@crummygummy 24

Spring ’19

Crummy Gummy / Salad Days



Jacob Boll Disruptors Photography is the language of connection for me: a medium through which I can reach out, experiment, succeed, fail and grow. I’ve tried anything that’s crossed my path and none of it has been time wasted. I’ve shot weddings and promotional

in a studio, meticulously moving

shoots for local bands. I did

lights around an inch to the

some product photography,

left or right, and being with

advertising for colleges, and I’ve

a stranger for a few hours,

Jacob Boll / Disruptors

taught photography, too. All those

talking about their interests

experiences helped inform how

and inspirations. My work

I shoot now, how I think about

always boils down to a personal

lighting and how I collaborate with

connection: It’s a conversation

my subjects. It’s funny to me that,

with my subject and an attempt

after all this time, I’m back where

to extract the truth about who

I started, shooting portraits of

they are. All images express

musicians and artists. I’d forgotten

some emotional truth. My

how much I enjoy it; I love being

obsession with music has always run parallel to my interest in photography. I remember first seeing the Daniel Kramer series “Bob Dylan: A Year and A Day.” It wasn’t just Kramer’s stunning work that impacted me: It was also the magnetism of Dylan as


an artist and storyteller. It was the first time I saw the veil being lifted from an icon, showing the emotional side of a person and not just a glossy god. That really resonated with me and it’s what I strive for in every image.


Spring ’19

Jacob Boll / Disruptors

What photographer, living or not, would you ask to get a drink? Autumn De Wilde 27

Jasmine De Silva / How to Build Your Human


Jasmine De Silva

My photo series “How to Build Your Human”

How to Build Your Human

a level of perfection that doesn’t exist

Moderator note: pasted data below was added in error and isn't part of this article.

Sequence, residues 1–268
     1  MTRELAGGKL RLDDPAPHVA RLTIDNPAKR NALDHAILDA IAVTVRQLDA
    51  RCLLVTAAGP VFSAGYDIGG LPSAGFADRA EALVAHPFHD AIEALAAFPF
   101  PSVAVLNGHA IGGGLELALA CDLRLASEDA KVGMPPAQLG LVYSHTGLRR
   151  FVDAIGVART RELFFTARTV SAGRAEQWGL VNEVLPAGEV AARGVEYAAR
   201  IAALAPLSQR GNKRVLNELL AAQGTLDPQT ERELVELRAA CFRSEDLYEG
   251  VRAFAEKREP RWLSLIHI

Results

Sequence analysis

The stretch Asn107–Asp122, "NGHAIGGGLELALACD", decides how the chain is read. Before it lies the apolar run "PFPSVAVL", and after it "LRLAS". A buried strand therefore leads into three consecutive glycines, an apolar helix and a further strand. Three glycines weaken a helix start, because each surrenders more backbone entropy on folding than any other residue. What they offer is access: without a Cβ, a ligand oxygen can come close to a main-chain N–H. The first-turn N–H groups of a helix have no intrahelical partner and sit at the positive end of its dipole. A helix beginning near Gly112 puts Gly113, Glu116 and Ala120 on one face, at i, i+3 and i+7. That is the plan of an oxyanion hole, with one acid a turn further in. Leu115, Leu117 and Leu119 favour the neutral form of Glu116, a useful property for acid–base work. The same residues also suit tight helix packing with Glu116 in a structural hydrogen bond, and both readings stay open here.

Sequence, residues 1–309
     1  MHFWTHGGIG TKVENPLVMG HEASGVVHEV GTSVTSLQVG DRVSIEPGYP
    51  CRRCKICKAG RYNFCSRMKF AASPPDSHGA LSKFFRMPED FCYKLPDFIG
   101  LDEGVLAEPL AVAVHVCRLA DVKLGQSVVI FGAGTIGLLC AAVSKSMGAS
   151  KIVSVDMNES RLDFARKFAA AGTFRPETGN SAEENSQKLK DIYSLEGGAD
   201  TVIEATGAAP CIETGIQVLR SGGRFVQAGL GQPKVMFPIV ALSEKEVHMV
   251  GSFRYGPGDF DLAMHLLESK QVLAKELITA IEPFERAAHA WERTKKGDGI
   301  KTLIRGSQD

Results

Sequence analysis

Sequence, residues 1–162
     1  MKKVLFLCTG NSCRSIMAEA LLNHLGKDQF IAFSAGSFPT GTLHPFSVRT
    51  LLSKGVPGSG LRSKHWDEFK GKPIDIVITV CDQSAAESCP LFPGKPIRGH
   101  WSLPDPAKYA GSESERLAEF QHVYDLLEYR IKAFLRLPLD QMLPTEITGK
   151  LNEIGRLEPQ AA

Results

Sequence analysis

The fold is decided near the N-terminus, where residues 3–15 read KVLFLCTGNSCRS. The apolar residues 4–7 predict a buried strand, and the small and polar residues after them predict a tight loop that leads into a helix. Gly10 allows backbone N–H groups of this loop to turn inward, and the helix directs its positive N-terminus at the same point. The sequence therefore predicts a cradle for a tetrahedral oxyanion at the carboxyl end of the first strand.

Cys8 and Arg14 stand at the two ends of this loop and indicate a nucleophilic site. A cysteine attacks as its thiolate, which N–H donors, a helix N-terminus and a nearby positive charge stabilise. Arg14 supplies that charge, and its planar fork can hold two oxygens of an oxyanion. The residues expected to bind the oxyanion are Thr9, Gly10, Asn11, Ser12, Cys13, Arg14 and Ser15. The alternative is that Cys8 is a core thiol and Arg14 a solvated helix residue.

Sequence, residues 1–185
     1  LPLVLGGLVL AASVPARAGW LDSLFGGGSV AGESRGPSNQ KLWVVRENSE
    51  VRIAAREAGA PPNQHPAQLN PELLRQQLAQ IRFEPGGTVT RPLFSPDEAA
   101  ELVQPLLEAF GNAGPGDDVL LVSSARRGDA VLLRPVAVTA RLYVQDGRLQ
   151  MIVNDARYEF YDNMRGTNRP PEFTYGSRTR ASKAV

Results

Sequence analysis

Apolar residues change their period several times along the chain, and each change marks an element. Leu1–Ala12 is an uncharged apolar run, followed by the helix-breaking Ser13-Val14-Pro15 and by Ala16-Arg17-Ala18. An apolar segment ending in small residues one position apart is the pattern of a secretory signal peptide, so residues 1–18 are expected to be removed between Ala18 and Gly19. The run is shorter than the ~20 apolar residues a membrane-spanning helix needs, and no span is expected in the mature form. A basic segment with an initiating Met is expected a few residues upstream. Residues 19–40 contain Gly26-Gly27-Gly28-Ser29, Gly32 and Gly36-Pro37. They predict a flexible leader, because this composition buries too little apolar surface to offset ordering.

focuses on exhaustive attempts to achieve through cosmetic reconstruction. The commitment to physically altering yourself is fascinating to me. For the shoot, I created 28

Spring ’19

a handmade set that depicts a surreal, retro-futuristic world. As the Barbie hands build the humans, there is a question of who operates the “control” in this world. This series is the first time I truly felt I had communicated this concept in a visual way, through an aesthetic that was inspired by 1950s instructional videos of how to be the perfect housewife, videos of doll manufacturing and makeup tutorials on YouTube.

@jasmine_desilva Jasmine De Silva / How to Build Your Human

What photographer, living or not, would you ask to get a drink? Alex Prager 29

Sami Drasin / Celebrity Portraits



Tim Walker

Sami Drasin Celebrity Portraits In my work, I focus on capturing the in-between moments and turning them into larger-than-life scenes. The second when someone doesn’t think their photo is being taken is where the life of the image resides. I am constantly looking for true emotions that the audience can connect with. To achieve this, I try to create an environment where my subject feels comfortable being themselves. I like to get to know the talent before the shoot by interacting with them throughout the day. At some point, they forget I’m taking their picture, and when this happens they can really respond to me, let go of any selfconsciousness and trust me.